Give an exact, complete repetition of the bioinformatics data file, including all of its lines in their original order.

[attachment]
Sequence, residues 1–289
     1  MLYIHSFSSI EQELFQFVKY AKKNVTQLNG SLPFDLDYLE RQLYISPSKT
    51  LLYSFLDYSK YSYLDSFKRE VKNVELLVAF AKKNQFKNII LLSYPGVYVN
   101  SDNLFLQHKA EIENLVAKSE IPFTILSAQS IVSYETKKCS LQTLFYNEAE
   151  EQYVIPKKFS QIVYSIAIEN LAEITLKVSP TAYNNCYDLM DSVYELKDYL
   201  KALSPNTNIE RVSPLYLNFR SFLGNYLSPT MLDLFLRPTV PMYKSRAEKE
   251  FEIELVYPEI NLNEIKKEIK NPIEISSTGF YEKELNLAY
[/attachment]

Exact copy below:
Sequence, residues 1–289
     1  MLYIHSFSSI EQELFQFVKY AKKNVTQLNG SLPFDLDYLE RQLYISPSKT
    51  LLYSFLDYSK YSYLDSFKRE VKNVELLVAF AKKNQFKNII LLSYPGVYVN
   101  SDNLFLQHKA EIENLVAKSE IPFTILSAQS IVSYETKKCS LQTLFYNEAE
   151  EQYVIPKKFS QIVYSIAIEN LAEITLKVSP TAYNNCYDLM DSVYELKDYL
   201  KALSPNTNIE RVSPLYLNFR SFLGNYLSPT MLDLFLRPTV PMYKSRAEKE
   251  FEIELVYPEI NLNEIKKEIK NPIEISSTGF YEKELNLAY